The Breathtaking National Monuments of Southern Utah
By Barry Eitel
Southern Utah is home to five breathtaking National Monuments. Each boasts its own historical significance and is ready for you to discover. Enjoy many recreational activities such as hiking, biking, climbing and camping – there is no way to be bored at these natural marvels. Each monument is expansive and gorgeous and is not to be missed. Whether you spend your day hiking through forest terrain, watching the colors of different rocks melt into the horizon, or visiting one of the first Mormon settlements, it will be filled with adventure, laughter and fun.
Cedar Breaks National Monument
Cedar Breaks National Monument is located just over an hour north and west of Kanab. It sits at the western edge of a large plateau of the Dixie National Forest, at an elevation of over 10,000 feet. The views are spectacular and the rock formations are hard to believe. Intrepid visitors often see deer, elk, porcupines, and more wildlife on this plateau.
Grand Staircase-Escalante National Monument
For a truly unique Utah hiking experience, go where the locals go: the Grand Staircase-Escalante National Monument, which expands over the largest land area of any national monument in the country. Stretching from Bryce Canyon to the Arizona border, the Grand Staircase is filled with vast and varied landscape and millions of years of geological history. This wilderness area is roughly the size of Delaware, and was the last region in America to be explored by settlers.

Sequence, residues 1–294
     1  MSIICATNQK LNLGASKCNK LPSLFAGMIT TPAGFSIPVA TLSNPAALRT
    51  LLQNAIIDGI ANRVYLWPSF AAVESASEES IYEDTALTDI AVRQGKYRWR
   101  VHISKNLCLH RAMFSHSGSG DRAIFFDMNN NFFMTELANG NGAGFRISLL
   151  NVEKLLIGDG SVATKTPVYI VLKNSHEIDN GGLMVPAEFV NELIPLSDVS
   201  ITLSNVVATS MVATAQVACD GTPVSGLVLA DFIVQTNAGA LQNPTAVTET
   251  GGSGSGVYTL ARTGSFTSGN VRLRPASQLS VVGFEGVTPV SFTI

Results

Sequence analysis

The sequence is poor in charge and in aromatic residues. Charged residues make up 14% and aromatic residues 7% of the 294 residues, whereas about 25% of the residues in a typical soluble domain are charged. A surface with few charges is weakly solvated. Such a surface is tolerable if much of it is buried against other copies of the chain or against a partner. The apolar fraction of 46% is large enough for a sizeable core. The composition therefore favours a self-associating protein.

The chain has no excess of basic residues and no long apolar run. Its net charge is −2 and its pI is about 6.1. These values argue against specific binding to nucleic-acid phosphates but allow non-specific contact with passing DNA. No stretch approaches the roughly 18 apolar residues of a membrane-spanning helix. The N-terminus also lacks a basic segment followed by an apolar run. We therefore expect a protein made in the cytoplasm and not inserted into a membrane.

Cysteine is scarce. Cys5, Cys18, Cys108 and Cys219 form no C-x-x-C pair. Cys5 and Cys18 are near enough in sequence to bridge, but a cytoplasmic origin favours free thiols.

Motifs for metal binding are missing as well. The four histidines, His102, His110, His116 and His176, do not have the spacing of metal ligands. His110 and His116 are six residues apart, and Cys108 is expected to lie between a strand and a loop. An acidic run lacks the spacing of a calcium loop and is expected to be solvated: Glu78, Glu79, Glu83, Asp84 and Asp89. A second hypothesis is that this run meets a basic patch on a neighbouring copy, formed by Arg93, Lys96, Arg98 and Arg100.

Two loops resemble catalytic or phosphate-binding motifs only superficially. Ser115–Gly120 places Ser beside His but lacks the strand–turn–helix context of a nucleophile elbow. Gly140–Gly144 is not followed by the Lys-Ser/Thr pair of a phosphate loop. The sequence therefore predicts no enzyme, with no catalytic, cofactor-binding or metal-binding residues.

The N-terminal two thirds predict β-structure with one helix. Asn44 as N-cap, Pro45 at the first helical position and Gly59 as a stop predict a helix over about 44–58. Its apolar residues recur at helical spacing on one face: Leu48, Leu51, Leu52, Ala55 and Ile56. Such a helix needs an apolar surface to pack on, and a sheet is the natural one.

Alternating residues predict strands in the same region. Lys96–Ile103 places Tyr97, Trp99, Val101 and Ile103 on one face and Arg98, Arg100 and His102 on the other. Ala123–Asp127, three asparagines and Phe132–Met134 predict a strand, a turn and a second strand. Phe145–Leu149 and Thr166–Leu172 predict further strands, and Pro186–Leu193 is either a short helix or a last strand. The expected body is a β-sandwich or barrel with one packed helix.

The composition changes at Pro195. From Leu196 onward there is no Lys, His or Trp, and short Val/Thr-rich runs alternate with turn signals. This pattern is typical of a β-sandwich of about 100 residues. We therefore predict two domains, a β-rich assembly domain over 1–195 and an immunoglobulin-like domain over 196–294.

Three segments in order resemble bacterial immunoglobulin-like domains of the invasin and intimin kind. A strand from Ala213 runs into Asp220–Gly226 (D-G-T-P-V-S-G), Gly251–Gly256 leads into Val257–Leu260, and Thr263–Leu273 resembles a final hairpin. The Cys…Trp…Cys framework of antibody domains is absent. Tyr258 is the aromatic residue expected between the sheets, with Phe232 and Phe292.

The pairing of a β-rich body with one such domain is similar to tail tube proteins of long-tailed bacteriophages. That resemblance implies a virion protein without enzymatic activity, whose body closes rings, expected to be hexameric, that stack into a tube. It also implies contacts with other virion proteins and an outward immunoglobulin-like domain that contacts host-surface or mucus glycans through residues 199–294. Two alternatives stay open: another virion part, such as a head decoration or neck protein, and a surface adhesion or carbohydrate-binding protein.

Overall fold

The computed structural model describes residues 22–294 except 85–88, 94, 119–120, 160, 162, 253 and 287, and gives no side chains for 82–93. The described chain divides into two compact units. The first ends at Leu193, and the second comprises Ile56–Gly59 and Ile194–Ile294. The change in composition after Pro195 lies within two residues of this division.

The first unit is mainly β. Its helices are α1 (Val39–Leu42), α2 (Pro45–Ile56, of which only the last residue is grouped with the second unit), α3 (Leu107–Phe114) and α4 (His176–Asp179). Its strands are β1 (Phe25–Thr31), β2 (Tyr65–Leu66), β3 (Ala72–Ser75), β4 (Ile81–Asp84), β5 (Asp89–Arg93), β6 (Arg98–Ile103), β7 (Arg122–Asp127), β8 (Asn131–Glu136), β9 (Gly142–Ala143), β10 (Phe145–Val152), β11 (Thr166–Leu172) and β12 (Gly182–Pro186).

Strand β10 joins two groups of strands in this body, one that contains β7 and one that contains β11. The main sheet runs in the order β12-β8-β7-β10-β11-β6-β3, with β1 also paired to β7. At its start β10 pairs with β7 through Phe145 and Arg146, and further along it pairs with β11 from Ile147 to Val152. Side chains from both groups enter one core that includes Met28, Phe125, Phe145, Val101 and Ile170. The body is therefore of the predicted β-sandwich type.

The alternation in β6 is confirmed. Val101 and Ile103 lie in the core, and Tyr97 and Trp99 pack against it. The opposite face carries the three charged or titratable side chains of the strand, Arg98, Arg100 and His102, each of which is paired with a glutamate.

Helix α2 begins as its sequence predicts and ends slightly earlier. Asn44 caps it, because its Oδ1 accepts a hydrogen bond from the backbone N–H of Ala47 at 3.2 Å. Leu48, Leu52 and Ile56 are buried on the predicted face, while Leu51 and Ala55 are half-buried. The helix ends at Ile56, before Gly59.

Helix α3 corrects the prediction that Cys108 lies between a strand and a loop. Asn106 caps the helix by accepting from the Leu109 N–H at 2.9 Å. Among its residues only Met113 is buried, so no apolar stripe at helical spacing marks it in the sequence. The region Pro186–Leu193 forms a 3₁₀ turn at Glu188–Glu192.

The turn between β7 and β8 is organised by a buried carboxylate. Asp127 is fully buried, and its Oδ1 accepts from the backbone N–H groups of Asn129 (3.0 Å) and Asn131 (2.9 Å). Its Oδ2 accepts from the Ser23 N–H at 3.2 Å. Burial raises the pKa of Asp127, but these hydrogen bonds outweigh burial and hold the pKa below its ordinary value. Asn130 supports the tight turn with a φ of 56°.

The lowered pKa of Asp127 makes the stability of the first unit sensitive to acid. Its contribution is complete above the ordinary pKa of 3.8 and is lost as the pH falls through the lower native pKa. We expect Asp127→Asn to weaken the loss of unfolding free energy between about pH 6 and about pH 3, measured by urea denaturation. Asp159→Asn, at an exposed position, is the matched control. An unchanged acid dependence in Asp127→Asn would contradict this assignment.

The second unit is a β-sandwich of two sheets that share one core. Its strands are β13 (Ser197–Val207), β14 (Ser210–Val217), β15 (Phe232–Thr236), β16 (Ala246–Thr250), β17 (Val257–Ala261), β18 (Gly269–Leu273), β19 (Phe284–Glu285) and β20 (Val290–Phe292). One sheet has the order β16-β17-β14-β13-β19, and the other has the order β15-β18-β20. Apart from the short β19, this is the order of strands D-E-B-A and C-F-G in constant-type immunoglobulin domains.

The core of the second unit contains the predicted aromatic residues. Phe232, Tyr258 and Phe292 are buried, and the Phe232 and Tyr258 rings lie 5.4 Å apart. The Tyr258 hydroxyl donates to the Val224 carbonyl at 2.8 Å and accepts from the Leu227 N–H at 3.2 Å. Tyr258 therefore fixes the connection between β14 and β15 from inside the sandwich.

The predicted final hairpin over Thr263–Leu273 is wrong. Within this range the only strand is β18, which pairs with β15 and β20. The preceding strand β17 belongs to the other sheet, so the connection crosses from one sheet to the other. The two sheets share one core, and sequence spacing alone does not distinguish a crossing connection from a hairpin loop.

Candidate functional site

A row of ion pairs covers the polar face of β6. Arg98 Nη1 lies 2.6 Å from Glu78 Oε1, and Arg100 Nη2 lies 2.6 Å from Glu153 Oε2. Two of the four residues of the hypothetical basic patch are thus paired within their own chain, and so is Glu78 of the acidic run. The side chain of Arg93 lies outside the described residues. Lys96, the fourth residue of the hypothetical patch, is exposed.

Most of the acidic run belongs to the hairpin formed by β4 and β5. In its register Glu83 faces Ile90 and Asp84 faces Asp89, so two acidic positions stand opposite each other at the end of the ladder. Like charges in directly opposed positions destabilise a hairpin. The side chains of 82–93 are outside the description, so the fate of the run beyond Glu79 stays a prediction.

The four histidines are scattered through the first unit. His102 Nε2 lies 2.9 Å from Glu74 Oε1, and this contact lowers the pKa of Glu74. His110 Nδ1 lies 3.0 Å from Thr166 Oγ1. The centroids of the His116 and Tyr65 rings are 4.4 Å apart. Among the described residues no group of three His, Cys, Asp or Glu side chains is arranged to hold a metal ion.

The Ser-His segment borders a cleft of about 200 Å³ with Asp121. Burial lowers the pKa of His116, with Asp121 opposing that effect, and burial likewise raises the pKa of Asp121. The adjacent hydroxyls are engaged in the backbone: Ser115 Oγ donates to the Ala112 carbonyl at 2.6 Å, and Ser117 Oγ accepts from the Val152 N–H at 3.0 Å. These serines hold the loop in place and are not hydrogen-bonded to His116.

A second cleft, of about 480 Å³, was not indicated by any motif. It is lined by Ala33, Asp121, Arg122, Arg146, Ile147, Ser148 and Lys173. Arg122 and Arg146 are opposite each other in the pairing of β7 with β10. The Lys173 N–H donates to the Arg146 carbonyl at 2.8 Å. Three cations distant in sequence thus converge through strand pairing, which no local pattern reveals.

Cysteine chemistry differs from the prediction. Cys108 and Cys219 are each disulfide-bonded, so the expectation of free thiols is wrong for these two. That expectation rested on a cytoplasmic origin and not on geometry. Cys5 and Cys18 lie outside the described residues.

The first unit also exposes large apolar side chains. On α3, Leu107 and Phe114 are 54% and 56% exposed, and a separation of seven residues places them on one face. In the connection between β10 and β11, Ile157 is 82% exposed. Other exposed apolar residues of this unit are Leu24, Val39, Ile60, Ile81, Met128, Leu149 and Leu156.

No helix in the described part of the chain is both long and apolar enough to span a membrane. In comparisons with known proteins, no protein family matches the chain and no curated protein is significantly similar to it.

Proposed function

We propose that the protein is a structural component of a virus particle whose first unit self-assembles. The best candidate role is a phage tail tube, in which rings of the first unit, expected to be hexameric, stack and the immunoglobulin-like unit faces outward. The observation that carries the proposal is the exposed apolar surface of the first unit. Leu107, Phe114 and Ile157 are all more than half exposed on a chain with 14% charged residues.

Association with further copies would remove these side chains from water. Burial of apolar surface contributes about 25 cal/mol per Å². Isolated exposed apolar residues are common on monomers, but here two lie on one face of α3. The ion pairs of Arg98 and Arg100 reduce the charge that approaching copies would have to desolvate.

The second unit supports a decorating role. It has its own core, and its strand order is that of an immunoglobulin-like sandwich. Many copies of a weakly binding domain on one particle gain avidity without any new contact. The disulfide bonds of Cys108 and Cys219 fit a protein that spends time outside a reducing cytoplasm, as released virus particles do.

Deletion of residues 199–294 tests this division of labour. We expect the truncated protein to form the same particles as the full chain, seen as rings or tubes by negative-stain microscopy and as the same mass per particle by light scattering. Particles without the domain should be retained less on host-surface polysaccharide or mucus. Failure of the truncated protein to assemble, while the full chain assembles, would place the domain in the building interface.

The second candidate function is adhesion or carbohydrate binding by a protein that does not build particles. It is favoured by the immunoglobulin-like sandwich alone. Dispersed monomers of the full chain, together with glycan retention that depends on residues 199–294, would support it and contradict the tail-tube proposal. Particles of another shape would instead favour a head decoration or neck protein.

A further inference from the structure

Paria Canyon-Vermilion Cliffs Wilderness
Some of the most jaw-dropping geological formations in the world grace the area called the Paria Canyon-Vermilion Cliffs Wilderness. These awe-inspiring geographic formations sparkle like gems in the desert sand, and are on the bucket list of every serious hiker and photographer in the world. One the most popular of these formations is Buckskin Gulch, the longest slot canyon in the world and a tributary to Paria Canyon. Hikers will experience twisting turns and towering, narrow cliffs along this 26 mile adventure. Another of the breathtaking formations within this region is Coyote Buttes and White Pockets, a series of rock formations that will knock your socks off! These sandstone formations are swirled with bands of color like cream in coffee.
Kaibab National Forest
The Kaibab National Forest envelopes one of the world’s most famous natural wonders, the Grand Canyon. In its entirety the Kaibab National Forest encompasses almost 1.6 million acres. Wildlife often spotted in Kaibab National Forest includes elk, antelope, wild turkeys, coyotes, mountain lions, bobcats and black bears. California condors, eagles and other large birds are also seen soaring above the forest.
Pipe Spring National Monument
When traveling near Utah’s border with Arizona, adventurous visitors will discover one of the best-kept secrets of the national park system: Pipe Spring National Monument. The monument is a historic pioneer fort located 20 minutes west of Kanab, Utah. ”Windsor Castle” was built by the Mormon Pioneers in the 1870s, but this natural spring served as a welcome oasis to explorers, Pioneers and natives for over 1,000 years. The surrounding grounds feature interpretive displays are open to visitors every day of the year. This desolate, remote desert area is home to many plants and animals, largely dependent on the spring water that provides much-needed moisture for life and growth.